Yet, she persists with her project. This early disappointment only pushes her further into memory’s clutches, though it makes her anxiously, recursively reappraise her relation to her source material. By recording, ventriloquizing, translating the stories of the members of her Jewish family, she wonders if she is not somehow furthering the initial injustice of their erasure. After all, she is a “watcher” of history, she will pick and choose the stories and characters who get a second life in her literature. It is a complex and somewhat damning role: “The word ‘watcher’ in Russian has a second, less obvious meaning,” Stepanova writes. “In the language of prisons, camps, and the criminal underworld, known by a significant portion of Russian-speakers, the watcher is the one who sets the rules and makes sure the others follow them.” Memory can be a kind of prison, outfitted with an unending series of well-studied cells.
At a certain point, when Stepanova is entirely consumed with the labor of researching, writing, and traveling through the past, she realizes that she is not alone in this endeavor, that a small throng of nostalgics have been doing the same.
[T]he search for lost time had become a general obsession, and everyone had thrown themselves into reading, writing, and describing our relations with the past. […] Everyone was engaged in “getting a good view” on the past, as if there was nothing else worth doing, as if this was the new form of the Grand Tour.
Everyone had fallen in love with the past and lost their equilibrium. “Love is an ungainly and absurd sentiment,” Stepanova writes. “[I]t bends the lover to the ground, to his own weakness and mortality. It’s heavy to carry, even heavier to witness.”
As the title suggests, In Memory of Memory might be read as a eulogy for our obsession with the past, one of those rare works that narrates its own disillusionment with its subject. Stepanova embraces memory in order to eventually free herself from its suffocating embrace. “It is a luxury permitted to very few to vanish entirely, to disappear from the radar,” she writes. But is this luxury not precisely what she sought to free her invisible ancestors from at the outset of her project? The reader might wonder whether she mines her family history and retraces her dead relatives’ steps so that neither she nor anyone else will ever have to think of them again. The only way to escape from the clutches of memory is to “turn and meet it head-on,” Stepanova writes. This is literature as exorcism: Stepanova conjures up memories in order to send them straight to oblivion. She seems to agree with Yosef Hayim Yerushalmi, whose canonical study of Jewish memory and history ends, as Stepanova describes it, “with a near prayer for oblivion; that it might cease to be a sin, that all the rips and tears might be left in peace, to be themselves, untroubled.”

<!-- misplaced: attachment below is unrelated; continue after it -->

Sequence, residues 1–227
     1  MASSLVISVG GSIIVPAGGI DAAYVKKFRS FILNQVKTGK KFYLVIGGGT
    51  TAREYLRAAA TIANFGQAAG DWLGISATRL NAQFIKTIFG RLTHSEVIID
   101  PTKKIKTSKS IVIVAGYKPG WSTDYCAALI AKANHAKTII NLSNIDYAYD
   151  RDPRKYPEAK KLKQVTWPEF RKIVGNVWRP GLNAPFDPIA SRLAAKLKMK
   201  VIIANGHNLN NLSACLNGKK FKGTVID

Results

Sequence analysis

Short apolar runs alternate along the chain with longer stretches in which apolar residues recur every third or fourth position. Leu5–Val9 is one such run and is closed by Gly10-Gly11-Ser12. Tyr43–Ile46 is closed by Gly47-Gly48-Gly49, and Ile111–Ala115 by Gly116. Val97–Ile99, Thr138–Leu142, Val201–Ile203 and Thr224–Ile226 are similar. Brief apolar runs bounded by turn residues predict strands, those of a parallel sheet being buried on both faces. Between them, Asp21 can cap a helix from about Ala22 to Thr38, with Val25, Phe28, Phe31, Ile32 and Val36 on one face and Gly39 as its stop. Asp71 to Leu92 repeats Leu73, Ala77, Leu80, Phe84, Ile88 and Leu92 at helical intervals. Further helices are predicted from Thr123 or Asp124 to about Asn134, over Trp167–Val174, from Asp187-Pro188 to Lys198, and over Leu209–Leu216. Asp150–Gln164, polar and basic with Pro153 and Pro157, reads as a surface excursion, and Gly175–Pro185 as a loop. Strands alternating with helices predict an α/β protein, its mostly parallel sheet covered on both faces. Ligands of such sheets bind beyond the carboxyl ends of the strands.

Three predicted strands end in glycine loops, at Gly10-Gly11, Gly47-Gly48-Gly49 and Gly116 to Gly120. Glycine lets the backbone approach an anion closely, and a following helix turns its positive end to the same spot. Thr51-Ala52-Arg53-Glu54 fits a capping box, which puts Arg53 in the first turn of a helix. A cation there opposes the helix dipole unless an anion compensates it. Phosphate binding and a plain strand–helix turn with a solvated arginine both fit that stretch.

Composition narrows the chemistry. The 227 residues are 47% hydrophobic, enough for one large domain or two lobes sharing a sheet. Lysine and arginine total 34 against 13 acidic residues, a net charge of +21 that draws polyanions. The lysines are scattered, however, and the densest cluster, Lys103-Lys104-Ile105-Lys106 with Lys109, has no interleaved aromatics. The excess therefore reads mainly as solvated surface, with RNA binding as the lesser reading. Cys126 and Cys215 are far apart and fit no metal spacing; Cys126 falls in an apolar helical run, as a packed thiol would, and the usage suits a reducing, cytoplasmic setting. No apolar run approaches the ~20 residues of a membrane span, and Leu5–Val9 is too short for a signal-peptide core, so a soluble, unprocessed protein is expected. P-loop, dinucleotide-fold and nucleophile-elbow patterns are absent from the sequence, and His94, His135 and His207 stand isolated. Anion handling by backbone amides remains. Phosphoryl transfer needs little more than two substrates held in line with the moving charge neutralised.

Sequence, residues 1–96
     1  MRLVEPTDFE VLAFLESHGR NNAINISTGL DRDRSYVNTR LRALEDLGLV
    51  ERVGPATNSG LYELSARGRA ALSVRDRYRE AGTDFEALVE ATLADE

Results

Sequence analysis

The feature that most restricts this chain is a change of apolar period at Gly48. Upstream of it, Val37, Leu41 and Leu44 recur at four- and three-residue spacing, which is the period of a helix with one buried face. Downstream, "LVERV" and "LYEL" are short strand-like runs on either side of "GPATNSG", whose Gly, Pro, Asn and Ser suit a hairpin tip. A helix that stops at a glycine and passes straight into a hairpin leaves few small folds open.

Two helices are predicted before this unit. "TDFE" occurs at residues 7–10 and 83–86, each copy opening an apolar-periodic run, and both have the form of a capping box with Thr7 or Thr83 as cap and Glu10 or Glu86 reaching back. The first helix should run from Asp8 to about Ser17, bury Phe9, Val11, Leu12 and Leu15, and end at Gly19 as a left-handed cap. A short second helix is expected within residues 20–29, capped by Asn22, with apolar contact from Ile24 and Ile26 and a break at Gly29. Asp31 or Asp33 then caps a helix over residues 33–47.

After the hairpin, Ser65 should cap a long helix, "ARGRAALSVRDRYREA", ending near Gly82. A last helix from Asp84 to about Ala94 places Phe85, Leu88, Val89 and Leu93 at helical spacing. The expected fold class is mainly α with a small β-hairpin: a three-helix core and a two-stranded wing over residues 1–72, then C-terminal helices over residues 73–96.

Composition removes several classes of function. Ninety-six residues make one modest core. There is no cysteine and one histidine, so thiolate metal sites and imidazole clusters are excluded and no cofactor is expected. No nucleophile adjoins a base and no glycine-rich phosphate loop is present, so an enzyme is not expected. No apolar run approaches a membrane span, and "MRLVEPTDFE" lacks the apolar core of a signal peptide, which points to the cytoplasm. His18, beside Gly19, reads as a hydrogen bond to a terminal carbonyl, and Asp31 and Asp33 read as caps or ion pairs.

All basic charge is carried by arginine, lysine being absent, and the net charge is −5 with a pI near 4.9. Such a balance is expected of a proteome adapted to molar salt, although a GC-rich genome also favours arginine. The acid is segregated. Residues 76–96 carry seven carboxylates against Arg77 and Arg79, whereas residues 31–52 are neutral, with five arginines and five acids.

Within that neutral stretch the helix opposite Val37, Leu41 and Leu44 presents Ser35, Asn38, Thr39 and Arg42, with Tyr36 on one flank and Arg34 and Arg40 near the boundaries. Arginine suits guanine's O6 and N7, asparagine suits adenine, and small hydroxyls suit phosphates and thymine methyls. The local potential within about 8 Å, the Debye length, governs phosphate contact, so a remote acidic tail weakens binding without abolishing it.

But that is not how Yerushalmi leaves things. In a postscript to his 1982 Zakhor: Jewish History and Jewish Memory titled “Reflections on Forgetting,” he does not pray for oblivion, but rather condemns it. “Against the agents of oblivion, the shredders of documents, the assassins of memory, the revisers of encyclopedias, the conspirators of silence […] only the historian, with the austere passion for fact, proof, evidence, which are central to his vocation, can effectively stand guard,” he writes. Better to have too much memory than too little: “Let the flood of books and monographs grow, even if they are only read by specialists. Let unread copies lie on the shelves of many libraries, so that if some be destroyed or removed others will remain.”